08:59 GMT22 June 2021
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    The “Siding Spring” comet that approached Mars last month, has had an unexpectedly heavy impact of the Red Planet’s atmosphere, NASA says.

    MOSCOW, November 10 (Sputnik) — An ancient comet from a distant part of our Solar System passed closely by the Red Planet last month, causing a once-in-8-million-years star shower, and dropped several tonnes of cosmic dust onto Mars’ surface and added layers of ions to its atmosphere.

    Comet C/2013 A1 ‘Siding Spring’, originated from the mysterious Oort cloud of the outer Solar system, approached Mars at a close distance on 19 October, but it was not until last week, when NASA has accumulated data from space probes surrounding the Red Planet, that the impact of the comet’s tail on the Martian atmosphere was discovered. The data was gathered by the Mars Atmosphere and Volatile Evolution (MAVEN) orbiter probe and the Mars Reconnaissance Orbiter (MRO), as well as the European Space Agency’s (ESA’s) radar spacecraft called Mars Express.

    The most evident effect caused by the comet’s close flyby to Mars was a spectacular meteorite shower, as debris of rock and ice from the ‘Siding Spring’ tail (or coma) entered the Red Planet’s atmosphere at high speed, burning and vaporizing soon thereafter. Unfortunately, the visual effect was not documented on video. But the probes have documented changes in the Martian atmosphere during the ‘Siding Spring’ flyby for the first time in our history. The orbiters registered that a thick layer of ions was added to Mars’ ionosphere. Additionally, dust from the comet, composed of potassium, manganese, nickel, magnesium, iron, sodium, chromium and zinc was deposited onto the planet’s surface.

    "It would have been truly stunning to the human eye," said Nick Schneider of University of Colorado, who was working on one of NASA's Martian satellites. "It would have been really mind-blowing," he added as quoted by Fox News.

    The comet flew by Mars at a distance of 87,000 (139,300 km) miles, which is about one-third the distance between the Earth and the Moon. The comet’s tail was ten Mars’ diameters away from the planet at its closest. This is why the scientists were surprised with the intensity of the effects the ‘Siding Spring’ flyby caused in Mars’ atmosphere. This is the first time a comet’s flyby has caused a strong ionization, scientists say. The magnesium, deposited by the comet, brought alterations to the electromagnetic field of the planet. The ions of iron caused a significant ultraviolet increase in the atmosphere, culminating within two hours after the comet’s closest approach and fading only after two days.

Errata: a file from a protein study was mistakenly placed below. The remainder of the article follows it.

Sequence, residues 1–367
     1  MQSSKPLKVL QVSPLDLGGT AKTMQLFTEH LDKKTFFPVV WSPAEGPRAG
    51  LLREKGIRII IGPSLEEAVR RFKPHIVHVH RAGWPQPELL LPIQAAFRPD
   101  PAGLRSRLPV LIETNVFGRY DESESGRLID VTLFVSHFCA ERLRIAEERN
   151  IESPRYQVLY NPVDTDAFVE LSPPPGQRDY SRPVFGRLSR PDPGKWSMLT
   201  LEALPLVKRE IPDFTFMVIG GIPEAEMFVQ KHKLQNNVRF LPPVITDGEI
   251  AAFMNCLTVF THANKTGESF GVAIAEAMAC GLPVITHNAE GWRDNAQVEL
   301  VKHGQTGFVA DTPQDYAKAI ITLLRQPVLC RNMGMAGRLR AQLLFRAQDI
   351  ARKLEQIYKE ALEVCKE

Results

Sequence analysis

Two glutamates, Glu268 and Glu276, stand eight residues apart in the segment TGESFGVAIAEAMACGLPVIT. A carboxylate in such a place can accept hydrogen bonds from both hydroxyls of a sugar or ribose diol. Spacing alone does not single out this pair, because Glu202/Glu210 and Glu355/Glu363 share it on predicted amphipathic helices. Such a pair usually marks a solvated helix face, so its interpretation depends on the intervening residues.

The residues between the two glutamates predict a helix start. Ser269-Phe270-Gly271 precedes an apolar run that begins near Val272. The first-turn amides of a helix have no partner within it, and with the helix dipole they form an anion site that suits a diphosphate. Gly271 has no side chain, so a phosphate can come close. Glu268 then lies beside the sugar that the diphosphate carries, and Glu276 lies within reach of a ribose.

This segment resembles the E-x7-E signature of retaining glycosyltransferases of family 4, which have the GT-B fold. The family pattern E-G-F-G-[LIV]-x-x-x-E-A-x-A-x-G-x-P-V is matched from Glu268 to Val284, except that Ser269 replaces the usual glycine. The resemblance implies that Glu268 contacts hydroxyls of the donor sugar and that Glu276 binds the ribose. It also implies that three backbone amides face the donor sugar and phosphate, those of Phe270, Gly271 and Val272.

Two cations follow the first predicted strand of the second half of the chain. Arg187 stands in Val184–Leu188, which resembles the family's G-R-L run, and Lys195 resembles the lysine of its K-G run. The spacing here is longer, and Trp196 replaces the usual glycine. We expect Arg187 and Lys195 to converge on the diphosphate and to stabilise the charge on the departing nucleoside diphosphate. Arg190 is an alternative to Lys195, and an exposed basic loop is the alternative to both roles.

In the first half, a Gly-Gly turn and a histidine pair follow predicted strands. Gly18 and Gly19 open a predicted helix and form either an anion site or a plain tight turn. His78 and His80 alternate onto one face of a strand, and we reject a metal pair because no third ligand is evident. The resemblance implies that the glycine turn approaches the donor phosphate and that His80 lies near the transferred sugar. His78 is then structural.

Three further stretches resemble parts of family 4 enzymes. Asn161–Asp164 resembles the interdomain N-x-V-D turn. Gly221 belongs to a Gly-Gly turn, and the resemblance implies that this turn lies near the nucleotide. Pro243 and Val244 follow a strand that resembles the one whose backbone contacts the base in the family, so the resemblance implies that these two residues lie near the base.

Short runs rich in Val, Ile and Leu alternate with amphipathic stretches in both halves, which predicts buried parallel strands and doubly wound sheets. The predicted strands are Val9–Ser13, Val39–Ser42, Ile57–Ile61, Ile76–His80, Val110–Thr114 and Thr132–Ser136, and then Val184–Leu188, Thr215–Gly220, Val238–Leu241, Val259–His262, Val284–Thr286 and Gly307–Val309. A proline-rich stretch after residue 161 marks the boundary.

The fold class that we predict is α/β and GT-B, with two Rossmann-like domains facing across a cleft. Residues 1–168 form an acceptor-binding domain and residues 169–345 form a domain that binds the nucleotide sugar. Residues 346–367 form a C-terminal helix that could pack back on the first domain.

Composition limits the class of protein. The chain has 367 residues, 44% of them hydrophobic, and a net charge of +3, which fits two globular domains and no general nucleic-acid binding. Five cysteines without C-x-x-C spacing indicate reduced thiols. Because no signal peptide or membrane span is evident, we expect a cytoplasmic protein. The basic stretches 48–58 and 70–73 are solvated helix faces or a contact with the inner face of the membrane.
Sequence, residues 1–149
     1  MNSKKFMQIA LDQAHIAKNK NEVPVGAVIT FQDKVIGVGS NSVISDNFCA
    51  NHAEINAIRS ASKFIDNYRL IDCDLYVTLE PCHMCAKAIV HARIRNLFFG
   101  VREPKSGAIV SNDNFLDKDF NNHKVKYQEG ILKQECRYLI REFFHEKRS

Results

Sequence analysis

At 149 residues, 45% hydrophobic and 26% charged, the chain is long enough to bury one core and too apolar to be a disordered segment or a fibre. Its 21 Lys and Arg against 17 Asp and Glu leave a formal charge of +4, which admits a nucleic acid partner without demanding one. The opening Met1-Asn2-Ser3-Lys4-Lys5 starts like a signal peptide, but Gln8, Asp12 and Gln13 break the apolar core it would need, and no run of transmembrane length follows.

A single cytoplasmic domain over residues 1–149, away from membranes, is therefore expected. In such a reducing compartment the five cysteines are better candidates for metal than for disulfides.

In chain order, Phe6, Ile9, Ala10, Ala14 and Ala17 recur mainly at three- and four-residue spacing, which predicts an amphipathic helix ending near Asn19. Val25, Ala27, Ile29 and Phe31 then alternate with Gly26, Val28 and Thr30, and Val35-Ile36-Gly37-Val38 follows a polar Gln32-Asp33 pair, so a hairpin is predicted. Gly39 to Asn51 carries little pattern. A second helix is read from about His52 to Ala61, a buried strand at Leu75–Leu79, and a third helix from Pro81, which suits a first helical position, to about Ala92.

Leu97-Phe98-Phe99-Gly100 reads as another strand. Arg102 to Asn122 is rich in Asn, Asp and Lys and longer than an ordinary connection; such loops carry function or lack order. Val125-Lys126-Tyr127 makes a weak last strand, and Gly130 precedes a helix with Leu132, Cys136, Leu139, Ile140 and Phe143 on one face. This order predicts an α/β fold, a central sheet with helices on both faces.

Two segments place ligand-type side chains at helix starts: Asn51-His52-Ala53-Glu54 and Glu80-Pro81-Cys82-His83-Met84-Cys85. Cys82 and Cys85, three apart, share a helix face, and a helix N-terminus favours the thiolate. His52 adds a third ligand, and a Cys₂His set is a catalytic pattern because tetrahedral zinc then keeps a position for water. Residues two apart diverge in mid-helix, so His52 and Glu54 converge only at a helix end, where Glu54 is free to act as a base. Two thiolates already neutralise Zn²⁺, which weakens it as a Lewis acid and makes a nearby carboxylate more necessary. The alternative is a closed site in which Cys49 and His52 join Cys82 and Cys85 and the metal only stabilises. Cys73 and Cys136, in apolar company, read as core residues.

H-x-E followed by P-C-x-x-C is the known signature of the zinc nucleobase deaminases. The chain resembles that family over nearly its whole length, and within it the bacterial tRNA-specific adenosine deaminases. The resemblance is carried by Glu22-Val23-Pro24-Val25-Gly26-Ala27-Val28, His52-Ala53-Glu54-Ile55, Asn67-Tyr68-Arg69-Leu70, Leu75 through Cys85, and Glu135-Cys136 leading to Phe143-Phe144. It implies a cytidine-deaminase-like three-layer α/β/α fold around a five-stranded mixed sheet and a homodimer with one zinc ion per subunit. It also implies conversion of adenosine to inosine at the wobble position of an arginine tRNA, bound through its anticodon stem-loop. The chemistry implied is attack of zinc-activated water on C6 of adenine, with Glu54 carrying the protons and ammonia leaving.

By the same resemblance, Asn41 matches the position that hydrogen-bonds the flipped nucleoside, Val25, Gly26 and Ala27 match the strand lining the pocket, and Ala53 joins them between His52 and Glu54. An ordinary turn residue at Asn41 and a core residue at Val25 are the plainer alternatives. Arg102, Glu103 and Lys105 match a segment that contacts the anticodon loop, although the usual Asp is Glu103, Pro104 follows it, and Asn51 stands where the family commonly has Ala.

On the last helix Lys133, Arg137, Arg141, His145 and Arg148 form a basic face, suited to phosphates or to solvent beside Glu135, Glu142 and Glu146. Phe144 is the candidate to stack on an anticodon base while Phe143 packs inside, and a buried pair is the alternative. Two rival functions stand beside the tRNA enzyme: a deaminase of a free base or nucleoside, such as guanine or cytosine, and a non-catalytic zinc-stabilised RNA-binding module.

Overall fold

During the comet’s actual flyby, NASA and ESA had to hide their spacecraft on the opposite side of Mars’ orbit because they feared the comet could have damaged the orbiters.

    “I really believe that hiding them like that really saved them, and it gave us a fabulous opportunity to make these observations […] We believe this type of event occurs once every eight million years or so, so it is indeed a rare opportunity for us to observe this,” Jim Green, the director of planetary science at NASA said as quoted by the Betawired blog.

    The Oort cloud, which the C/2013 A1 ‘Siding Spring’ originates from, is located at the boundary of our Solar system. The Sun’s gravity is the weakest in that region, as the Oort cloud is at a quarter the distance to Proxima Centauri, the closest star to the Sun. Pluto’s orbit is at one-thousandth the distance to the Oort cloud.  This means that it took millions years for the C/2013 A1 ‘Siding Spring’ to reach us.

    "We never before had the opportunity to observe an Oort Cloud comet up close," Green said to Fox News. "Instead of going to the comet, it came to us." He added that Opportunity and Curiosity rovers which are on Mars’ surface now, were looking up during the meteor shower, and took photographs of the event, which have not yet been published.


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